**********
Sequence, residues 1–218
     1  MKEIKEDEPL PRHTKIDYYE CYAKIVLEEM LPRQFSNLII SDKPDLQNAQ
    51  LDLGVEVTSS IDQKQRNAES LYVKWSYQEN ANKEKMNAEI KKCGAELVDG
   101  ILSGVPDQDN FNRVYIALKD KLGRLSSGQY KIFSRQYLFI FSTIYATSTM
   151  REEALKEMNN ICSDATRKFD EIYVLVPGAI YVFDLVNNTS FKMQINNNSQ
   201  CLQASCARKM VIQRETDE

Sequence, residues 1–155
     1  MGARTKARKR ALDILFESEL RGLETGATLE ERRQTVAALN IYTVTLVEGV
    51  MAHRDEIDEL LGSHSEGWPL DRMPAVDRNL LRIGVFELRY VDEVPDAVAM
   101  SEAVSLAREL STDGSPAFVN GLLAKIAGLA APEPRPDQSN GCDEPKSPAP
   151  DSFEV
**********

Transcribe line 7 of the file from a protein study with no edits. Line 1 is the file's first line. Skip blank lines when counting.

Sequence, residues 1–155